Limb asymmetries in landing and jumping 2 years following anterior cruciate ligament reconstruction

Clin J Sport Med. 2007 Jul;17(4):258-62. doi: 10.1097/JSM.0b013e31804c77ea.


Objective: Female athletes who are at increased risk for anterior cruciate ligament (ACL) injury demonstrate biomechanical differences between limbs during athletic tasks that may persist following anterior cruciate ligament reconstruction (ACLR). This may limit an athlete's potential for safe return to sports competition. The purpose of this study was to determine if female athletes demonstrate lower limb asymmetries in landing and takeoff force following ACLR and clearance for return to competitive sports participation. We hypothesized that females following ACLR would demonstrate side-to-side differences in landing and jumping kinetics after their return to sport (2+ years) that would not be observed in a group of healthy female controls.

Design: Case control study.

Setting: The Sports Medicine Biodynamics Center at Cincinnati Children's Hospital Medical Center.

Patients: Fourteen female athletes at a mean of 27 months following ACLR and 18 healthy female athletes participated in the study.

Assessment: All subjects executed a drop vertical jump (DVJ) task onto 2 force plates. Vertical ground reaction force (VGRF) was measured during landing and takeoff and was used to calculate landing phase loading rates. A 2-way analysis of variance was used to determine differences between the involved, uninvolved, and control limbs.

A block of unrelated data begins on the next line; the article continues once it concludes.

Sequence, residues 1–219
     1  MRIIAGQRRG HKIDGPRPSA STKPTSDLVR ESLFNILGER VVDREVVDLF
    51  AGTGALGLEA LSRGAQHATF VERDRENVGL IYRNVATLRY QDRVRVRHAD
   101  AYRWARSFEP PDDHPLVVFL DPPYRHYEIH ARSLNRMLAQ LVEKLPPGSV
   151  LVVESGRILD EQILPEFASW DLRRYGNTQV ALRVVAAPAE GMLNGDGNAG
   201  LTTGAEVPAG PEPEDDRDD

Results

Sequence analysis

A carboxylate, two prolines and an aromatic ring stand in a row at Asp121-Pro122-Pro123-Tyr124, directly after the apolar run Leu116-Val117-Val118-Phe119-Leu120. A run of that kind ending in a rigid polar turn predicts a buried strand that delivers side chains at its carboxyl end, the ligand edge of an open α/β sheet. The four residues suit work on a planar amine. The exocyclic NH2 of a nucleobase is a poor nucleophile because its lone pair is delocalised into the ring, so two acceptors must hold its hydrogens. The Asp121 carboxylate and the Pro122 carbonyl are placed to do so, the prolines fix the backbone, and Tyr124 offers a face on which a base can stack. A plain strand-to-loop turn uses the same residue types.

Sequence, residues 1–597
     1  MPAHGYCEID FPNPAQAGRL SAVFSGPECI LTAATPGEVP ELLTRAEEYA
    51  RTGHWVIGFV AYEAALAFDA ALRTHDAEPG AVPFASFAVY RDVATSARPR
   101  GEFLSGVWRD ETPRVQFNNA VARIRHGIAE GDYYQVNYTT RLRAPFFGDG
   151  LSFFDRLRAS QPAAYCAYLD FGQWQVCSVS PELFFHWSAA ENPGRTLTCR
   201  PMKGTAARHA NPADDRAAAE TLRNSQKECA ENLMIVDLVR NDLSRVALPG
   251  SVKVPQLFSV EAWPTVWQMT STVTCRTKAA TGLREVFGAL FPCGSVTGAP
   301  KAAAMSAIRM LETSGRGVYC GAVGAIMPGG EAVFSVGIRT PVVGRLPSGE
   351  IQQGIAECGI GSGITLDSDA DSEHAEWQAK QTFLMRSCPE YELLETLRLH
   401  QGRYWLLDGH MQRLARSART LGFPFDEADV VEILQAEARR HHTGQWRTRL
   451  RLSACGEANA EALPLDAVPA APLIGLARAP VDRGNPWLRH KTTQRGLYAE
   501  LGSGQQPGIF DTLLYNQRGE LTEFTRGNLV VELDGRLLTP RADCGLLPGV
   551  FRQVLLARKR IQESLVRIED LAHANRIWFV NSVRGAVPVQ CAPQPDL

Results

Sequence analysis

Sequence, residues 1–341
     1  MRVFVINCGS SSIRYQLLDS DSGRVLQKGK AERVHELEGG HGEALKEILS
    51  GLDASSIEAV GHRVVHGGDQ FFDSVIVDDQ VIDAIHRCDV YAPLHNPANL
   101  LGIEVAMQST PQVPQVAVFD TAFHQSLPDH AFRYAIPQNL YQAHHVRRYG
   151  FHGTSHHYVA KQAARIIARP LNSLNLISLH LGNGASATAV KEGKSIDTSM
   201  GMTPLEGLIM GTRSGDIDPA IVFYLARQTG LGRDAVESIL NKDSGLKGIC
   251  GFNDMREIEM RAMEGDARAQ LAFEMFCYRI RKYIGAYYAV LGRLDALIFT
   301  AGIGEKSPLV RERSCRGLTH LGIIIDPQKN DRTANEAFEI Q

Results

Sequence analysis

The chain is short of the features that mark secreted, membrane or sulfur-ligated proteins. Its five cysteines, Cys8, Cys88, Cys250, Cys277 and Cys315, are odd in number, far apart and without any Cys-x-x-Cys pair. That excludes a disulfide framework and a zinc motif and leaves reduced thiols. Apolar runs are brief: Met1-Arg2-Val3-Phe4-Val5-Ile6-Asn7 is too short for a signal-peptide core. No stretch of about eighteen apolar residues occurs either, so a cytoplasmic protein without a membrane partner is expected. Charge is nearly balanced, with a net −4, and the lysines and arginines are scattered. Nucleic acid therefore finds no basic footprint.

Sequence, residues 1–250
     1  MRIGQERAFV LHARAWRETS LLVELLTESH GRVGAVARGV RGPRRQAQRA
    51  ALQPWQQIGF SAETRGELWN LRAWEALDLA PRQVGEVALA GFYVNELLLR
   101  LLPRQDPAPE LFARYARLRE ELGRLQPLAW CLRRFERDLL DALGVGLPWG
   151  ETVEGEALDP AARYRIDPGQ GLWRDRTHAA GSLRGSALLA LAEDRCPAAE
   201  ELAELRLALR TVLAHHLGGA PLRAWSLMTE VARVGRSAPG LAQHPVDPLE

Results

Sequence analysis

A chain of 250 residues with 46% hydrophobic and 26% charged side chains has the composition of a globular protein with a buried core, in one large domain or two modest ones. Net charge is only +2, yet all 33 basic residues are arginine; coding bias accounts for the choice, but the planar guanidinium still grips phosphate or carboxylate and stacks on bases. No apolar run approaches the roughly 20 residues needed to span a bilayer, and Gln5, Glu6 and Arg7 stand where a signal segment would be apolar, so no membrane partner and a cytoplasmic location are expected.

Results: Females who had undergone ACLR demonstrated increased VGRF (P = 0.001) and loading rate (P < 0.001) on the uninvolved limb during landing when compared with the involved limb and the control group. During takeoff, the involved limb showed significantly less ability to generate force (P = 0.03) than the uninvolved limb and the control limbs.

Conclusions: Female athletes who have undergone ACLR and returned to sport may continue to demonstrate biomechanical limb asymmetries 2 years or more after reconstruction that can be identified during landing.

Publication types

  • Research Support, N.I.H., Extramural

MeSH terms

  • Adolescent
  • Adult
  • Anterior Cruciate Ligament / surgery*
  • Anterior Cruciate Ligament Injuries
  • Biomechanical Phenomena
  • Female
  • Follow-Up Studies
  • Humans
  • Knee Injuries / physiopathology*
  • Movement / physiology*
  • Ohio
  • Postural Balance / physiology*